what is it about high krausen that is so important? does this allow the yeast to immediately start replicating when it is pitched into the wort? what would happen if it wasn't high krausen? how long does this window of time (high krausen) typically last?
High krausen represents the peak activity of the yeast. It's similar to when a fermenting batch is top cropped and pitched into a new batch at high krausen. The yeast are most active and healthy at this stage.
The timing has been discussed earlier in this thread.
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I suspect there is something a little more to it than that. I believe I have read that early in the fermentation the yeast needs to drop the pH of the wort. I'm under the impression that the fewer yeast cells there are to start with the more difficult this process becomes. but perhaps yeast that are already actively replicating (high krausen?) is a different scenario. some detail on that would be nice.
From Mr Malty aka Zainashef
"Q: At what point do I pitch the starter into the wort? A great deal of discussion rages over this topic. Should the starter be fermented completely, the spent liquid decanted, and the yeast pitched or should the entire starter be pitched when at the height of activity? Most yeast experts say that when propagating yeast, moving at high krausen is optimal. The time of high krauesen can range anywhere from a few hours to twenty-four or more. It depends on the amount of yeast added to the starter wort, yeast health, temperature, and several other factors. Doss says a starter made from an XL pack of yeast into 2 liters of wort will reach its maximum cell density within 12-18 hours. If you're starting with a very small amount of yeast in a large starter, it can take 24 hours or more to reach maximum cell densities. For the average starter, let's just say that the bulk of the yeast growth is done by 12-18 hours. I like to pitch starters while they're still very active and as soon as the bulk of reproduction is finished, usually within 12 to 18 hours. This is really convenient, because I can make a starter the morning of the brew day or the night before and it is ready to go by the time the batch of wort is ready. "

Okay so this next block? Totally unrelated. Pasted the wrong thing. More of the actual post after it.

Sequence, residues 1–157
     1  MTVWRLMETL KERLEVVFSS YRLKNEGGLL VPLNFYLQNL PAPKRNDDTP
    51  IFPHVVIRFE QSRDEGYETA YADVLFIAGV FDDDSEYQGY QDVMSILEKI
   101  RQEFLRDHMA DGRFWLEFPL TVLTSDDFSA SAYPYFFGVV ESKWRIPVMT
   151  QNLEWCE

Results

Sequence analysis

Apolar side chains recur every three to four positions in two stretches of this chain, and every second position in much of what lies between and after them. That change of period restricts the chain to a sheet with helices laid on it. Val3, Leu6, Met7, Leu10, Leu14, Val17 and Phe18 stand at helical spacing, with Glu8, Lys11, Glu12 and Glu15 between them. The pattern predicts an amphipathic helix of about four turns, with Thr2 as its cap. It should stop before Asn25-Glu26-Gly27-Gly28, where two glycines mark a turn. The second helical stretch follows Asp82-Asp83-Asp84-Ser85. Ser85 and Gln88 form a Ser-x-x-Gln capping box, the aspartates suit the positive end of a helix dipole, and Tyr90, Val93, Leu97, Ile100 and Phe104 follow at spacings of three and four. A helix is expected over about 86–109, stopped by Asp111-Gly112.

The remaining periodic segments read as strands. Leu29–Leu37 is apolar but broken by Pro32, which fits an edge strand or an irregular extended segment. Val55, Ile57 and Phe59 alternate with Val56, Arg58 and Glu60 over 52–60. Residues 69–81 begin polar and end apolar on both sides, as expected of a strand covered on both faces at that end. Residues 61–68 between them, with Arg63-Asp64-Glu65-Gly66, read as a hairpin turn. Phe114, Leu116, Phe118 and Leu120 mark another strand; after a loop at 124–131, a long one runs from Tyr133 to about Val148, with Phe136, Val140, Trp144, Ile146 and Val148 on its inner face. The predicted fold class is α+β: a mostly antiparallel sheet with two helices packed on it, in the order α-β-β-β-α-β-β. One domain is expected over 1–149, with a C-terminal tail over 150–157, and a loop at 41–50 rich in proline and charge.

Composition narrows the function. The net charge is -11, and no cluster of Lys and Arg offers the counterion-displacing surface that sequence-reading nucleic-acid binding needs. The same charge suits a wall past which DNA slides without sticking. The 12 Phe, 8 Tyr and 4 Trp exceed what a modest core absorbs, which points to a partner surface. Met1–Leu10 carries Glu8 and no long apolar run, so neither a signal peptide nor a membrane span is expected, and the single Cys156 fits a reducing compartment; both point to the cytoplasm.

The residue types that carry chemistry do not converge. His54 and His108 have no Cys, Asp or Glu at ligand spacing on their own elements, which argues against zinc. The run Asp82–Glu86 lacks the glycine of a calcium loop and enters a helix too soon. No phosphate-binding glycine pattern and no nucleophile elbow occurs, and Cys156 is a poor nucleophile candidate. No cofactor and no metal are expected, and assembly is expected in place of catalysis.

It seems to me that they key controversy is stirplates. Zainashef has said they are the best, Mark says no. I know that stirplates work. I know that oxygenated shook starters with no stirplate work too, but I end up with a far better smelling pitch, and so far the main fermentation appears to take off faster and is more vigorous. But thats from just one trial so far.